An uncrewed cargo ship bound for the International Space Station (ISS) might now be wreckage at the bottom of the sea.
On Thursday morning, Roscosmos — Russia’s space agency — launched an expendable Progress module crammed with 5,383 lbs of food, water, medical equipment, toiletries, and other supplies toward the International Space Station (ISS). It was riding a Soyuz rocket launched from the Baikonur Cosmodrome site in Kazakhstan.
However, a little more than 6 minutes and 30 seconds into its roughly 9-minute flight, the Progress ship stopped communicating. That was more than 2 minutes before it was supposed to enter orbit, according to Spaceflight Now.
“After the launch of the Soyuz-U launch vehicle along with the Progress MS-04 cargo spacecraft, telemetry connection was lost on the 383th second of flight,” read a tweet from Roscomos, according to a translation by Russia’s state-controlled news agency, RT.com.
After that point, the Progress should have separated from the third and final upper stage of the Soyuz rocket.
TASS, a news agency formed during the Soviet Union and also controlled by Russia, cited an unnamed source in one of its stories about the incident. The source, who allegedly works in the space rocket industry, said the Progress module has probably already “crashed in China or the Pacific Ocean” because the problem occurred before the spacecraft finally separated from its rocket.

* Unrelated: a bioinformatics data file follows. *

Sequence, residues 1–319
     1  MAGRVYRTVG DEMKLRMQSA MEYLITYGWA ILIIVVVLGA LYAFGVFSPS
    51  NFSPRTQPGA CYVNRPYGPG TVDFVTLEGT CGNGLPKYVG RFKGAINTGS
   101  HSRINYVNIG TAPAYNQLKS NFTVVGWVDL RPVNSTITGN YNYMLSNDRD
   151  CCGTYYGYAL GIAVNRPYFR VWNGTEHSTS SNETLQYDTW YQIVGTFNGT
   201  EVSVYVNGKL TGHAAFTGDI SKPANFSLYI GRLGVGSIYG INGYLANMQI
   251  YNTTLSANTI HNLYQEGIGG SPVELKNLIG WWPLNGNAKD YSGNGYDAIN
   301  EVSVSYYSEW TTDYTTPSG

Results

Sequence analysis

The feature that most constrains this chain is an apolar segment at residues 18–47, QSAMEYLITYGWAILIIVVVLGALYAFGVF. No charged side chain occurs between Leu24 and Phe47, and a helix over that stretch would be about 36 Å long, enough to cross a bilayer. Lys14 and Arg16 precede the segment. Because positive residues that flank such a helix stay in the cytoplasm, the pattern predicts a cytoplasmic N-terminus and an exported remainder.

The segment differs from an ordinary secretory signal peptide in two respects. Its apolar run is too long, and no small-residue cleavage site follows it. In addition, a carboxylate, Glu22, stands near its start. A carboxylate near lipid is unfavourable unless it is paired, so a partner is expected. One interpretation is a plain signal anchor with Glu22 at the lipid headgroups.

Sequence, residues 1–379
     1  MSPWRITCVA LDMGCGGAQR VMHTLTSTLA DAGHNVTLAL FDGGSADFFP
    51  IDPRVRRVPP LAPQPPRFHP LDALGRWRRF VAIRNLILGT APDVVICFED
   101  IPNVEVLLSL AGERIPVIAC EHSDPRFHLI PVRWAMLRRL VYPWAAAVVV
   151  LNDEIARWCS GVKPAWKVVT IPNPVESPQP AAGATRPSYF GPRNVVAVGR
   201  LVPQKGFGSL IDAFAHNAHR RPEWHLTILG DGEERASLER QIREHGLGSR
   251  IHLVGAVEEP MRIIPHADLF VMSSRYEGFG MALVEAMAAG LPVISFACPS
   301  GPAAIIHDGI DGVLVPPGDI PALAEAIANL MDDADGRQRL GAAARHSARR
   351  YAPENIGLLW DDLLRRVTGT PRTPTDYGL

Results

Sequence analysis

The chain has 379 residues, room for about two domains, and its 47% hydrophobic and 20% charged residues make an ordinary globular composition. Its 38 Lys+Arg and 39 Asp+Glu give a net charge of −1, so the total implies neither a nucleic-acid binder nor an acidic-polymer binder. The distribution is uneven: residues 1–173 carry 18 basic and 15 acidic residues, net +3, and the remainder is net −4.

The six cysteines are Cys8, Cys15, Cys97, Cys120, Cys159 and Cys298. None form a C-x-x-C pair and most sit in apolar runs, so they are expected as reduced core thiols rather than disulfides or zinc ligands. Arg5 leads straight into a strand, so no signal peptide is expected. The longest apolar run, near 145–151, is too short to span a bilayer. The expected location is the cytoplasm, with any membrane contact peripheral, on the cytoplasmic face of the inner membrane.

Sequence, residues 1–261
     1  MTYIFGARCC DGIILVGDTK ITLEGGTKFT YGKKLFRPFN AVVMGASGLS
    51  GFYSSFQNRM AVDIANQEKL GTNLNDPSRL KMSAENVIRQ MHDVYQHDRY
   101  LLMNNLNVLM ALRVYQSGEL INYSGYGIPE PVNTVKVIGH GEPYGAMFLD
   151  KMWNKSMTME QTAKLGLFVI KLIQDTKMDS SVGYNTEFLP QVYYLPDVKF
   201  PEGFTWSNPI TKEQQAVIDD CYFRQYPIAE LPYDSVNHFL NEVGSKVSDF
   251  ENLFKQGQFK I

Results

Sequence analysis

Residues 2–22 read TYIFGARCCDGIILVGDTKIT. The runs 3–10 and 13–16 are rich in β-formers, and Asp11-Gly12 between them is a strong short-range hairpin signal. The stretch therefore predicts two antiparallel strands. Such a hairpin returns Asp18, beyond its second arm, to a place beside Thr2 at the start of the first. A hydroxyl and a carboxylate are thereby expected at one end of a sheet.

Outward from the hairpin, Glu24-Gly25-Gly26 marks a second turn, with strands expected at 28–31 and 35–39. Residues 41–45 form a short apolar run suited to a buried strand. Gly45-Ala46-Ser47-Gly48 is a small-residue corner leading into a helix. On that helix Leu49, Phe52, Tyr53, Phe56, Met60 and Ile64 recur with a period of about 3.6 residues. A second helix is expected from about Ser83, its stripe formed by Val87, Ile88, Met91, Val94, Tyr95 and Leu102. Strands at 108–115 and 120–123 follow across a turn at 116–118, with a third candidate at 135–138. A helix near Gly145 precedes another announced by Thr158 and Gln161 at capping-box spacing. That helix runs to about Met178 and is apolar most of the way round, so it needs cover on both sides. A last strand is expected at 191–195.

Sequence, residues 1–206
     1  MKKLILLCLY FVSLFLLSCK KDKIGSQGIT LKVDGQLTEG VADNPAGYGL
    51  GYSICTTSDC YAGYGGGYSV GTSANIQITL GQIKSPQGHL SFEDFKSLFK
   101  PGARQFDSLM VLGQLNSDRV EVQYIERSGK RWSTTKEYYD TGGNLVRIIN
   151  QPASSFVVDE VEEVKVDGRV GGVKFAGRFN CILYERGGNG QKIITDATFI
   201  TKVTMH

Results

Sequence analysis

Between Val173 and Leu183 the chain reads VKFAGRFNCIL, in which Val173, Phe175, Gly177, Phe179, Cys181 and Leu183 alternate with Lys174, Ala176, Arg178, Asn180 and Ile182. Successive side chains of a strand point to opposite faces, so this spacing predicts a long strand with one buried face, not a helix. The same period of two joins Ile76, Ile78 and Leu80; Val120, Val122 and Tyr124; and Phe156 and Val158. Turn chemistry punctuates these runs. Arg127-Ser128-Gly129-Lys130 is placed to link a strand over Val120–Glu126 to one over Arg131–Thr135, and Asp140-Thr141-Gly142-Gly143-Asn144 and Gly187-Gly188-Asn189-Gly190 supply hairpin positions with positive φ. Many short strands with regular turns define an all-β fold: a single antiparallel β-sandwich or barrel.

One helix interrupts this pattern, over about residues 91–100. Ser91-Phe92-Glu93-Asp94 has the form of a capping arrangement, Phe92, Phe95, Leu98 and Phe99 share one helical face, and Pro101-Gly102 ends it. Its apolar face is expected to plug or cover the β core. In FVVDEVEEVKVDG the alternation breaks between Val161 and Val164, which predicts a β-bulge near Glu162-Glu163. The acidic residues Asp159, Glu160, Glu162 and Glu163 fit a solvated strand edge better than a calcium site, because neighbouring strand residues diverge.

However, since communication was lost with the vehicle, it’s impossible to confirm at this point.
It’s quite a hiccup for activity aboard the ISS, but in a post for NASA’s Space Station blog, writer Mark Garcia said “astronauts and the Russian cosmonauts are safe aboard the station,” and that “[c]onsumables aboard the station are at good levels.”
Soyuz rockets also launch astronauts and cosmonauts into space.
Companies like SpaceX, Boeing, and Orbital ATK are developing alternative means of getting people to the ISS, since the Soyuz system is currently the only way to get to the space station.
Until then, NASA will continue to pay Russia up to $81 million per astronaut, absent something like SpaceX’s Dragon crew module atop a Falcon 9 rocket (which recently suffered an explosive failure during a launchpad test).
We’ll update this story as soon as we hear more.
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